Pickleballers were back playing on courts — with their own portable nets — at Seaside Park on March 8 and 9, the first days the courts have been open since mid-January. The Recreation and Parks Commission agreed to open the Seaside courts in good weather after two sometimes-heated meetings in February.
“I am so grateful to be able to play pickleball on a beautiful March day,” said James Slavet. “Thank you to Marblehead Pickleball for providing access to such a fun and healthy activity that has been missing from my life lately.”
At a Feb. 28 meeting, Rec and Parks agreed to reopen the Seaside courts immediately (given good weather) to pickleball players who brought their own nets. Rec and Park had closed all the courts (which were partially funded by the nonprofit Marblehead Pickleball) to protect the courts. They cited concerns that the posts holding up the nets year-round were leaning due to the pressure from the nets.
There are more than 400 pickleball players in town, according to Lisa Spinale with Marblehead Pickleball. The nonprofit has raised about $65,000 to help convert four tennis courts at Vets into six dedicated pickleball courts. There are now another four courts at Seaside.
Also at the Feb. 28 meeting, neighbors of the courts at Veterans Middle School complained about the noise from pickleball.
“Within 100 feet of a court, the sound measures 70 decibels,” said Maura Dartley-Rocco, who lives on Vine Street near the Veterans courts. “That’s comparable to highway traffic.”
She went on to say that the noise can cause flight-or-flight responses in people nearby, leading to “diagnosable disorders” like anxiety, and adversely impact the cardiovascular system.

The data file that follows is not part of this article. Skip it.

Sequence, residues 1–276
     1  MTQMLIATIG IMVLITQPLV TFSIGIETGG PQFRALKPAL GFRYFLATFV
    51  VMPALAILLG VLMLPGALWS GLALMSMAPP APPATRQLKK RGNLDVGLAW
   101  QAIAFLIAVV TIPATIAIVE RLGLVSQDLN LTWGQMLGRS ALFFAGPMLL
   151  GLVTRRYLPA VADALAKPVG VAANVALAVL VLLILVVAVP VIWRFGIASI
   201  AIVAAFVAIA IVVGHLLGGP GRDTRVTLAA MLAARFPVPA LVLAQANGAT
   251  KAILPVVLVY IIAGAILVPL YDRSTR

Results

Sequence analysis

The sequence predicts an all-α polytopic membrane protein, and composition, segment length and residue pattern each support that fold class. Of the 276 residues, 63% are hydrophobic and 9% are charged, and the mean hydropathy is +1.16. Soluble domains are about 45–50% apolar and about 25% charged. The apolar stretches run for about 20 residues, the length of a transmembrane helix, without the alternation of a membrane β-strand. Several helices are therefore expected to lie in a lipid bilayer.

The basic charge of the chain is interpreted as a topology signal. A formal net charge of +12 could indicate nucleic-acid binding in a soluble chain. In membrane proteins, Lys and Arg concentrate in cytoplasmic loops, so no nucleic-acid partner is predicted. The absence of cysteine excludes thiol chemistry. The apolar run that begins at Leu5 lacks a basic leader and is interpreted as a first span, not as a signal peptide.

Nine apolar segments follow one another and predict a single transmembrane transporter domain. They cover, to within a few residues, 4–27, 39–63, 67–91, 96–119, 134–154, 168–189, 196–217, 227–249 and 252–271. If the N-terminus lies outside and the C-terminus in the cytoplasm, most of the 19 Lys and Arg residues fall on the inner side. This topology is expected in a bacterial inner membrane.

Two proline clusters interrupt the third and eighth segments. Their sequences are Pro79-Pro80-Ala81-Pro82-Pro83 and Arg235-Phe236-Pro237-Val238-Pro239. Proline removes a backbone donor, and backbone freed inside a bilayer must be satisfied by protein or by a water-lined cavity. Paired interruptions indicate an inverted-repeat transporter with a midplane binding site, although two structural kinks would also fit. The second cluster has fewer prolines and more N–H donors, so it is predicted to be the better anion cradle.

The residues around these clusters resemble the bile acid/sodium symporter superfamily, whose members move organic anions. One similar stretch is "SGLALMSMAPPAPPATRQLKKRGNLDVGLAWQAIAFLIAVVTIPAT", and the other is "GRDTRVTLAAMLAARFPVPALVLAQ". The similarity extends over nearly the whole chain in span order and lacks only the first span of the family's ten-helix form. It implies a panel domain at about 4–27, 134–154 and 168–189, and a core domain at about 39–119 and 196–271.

“This is absolutely happening. If this is a science experiment, we are the lab rats,” she said. “We feel, as neighbors, that this is a crisis situation.”
Dartley-Rocco suggested several sound mediation options, including planting arbor vitae trees around the courts or draping so-called sound blankets around the perimeter. Commissioner Linda Rice-Collins said the school superintendent opposed the blankets because they block a clear view of students, which is a safety concern.
Another possibility discussed: attaching a sound blanket to the wall of the school, where pickleball noise reverberates and echoes back to the neighborhood.
Rec and Parks Commissioner Karin Ernst is speaking with an acoustics expert in Easton who works with communities to ameliorate pickleball noise and will invite him out to assess options at Vine Street. Marblehead Pickleball has agreed to donate $250 toward that cost, according to Joe McKane, co-chair of the group.
Rice-Collins pointed out that there are new pickleballs and paddles that are quieter, and she encouraged the players to switch to those.
“This needs to be a team effort, so we can all exist together,” she said.
Rich Newburg, representing the group Marblehead Pickleball, said 95% of pickleballers don’t have the less-sonorous equipment yet and probably won’t until it’s more readily available.
Newburg added that Marblehead Pickleball is “happy to hear solutions.”
“We’re well-organized, vocal —maybe a little too vocal — and we do have funds,” he said.
He suggested the group would be willing to help fund sound mitigation efforts.
“All we want to do is play pickleball without pissing anybody off,” Newburg said.
Adding to the spirit of goodwill in the room, Dartley-Rocco said, “We’re just looking for some neighborhood harmony.”
Leigh Blander is an experienced TV, radio and print journalist who has written hundreds of stories for local newspapers, including the Marblehead Reporter. She also works as a PR specialist.